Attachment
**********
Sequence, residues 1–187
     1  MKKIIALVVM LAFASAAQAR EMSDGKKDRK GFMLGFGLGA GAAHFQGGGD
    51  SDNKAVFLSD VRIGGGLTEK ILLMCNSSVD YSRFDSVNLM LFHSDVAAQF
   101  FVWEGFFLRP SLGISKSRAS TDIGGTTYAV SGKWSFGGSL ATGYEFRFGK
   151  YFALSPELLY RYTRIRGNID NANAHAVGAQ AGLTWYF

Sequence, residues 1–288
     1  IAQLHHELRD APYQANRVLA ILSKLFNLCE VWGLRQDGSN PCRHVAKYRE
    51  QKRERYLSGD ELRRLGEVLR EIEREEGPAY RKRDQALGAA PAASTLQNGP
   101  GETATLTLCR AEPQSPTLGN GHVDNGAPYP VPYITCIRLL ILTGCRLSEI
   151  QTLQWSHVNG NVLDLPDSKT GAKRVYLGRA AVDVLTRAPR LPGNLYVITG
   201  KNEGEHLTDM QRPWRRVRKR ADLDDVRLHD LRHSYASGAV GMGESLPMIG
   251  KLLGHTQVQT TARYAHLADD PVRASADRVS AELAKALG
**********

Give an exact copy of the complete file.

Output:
Sequence, residues 1–187
     1  MKKIIALVVM LAFASAAQAR EMSDGKKDRK GFMLGFGLGA GAAHFQGGGD
    51  SDNKAVFLSD VRIGGGLTEK ILLMCNSSVD YSRFDSVNLM LFHSDVAAQF
   101  FVWEGFFLRP SLGISKSRAS TDIGGTTYAV SGKWSFGGSL ATGYEFRFGK
   151  YFALSPELLY RYTRIRGNID NANAHAVGAQ AGLTWYF

Sequence, residues 1–288
     1  IAQLHHELRD APYQANRVLA ILSKLFNLCE VWGLRQDGSN PCRHVAKYRE
    51  QKRERYLSGD ELRRLGEVLR EIEREEGPAY RKRDQALGAA PAASTLQNGP
   101  GETATLTLCR AEPQSPTLGN GHVDNGAPYP VPYITCIRLL ILTGCRLSEI
   151  QTLQWSHVNG NVLDLPDSKT GAKRVYLGRA AVDVLTRAPR LPGNLYVITG
   201  KNEGEHLTDM QRPWRRVRKR ADLDDVRLHD LRHSYASGAV GMGESLPMIG
   251  KLLGHTQVQT TARYAHLADD PVRASADRVS AELAKALG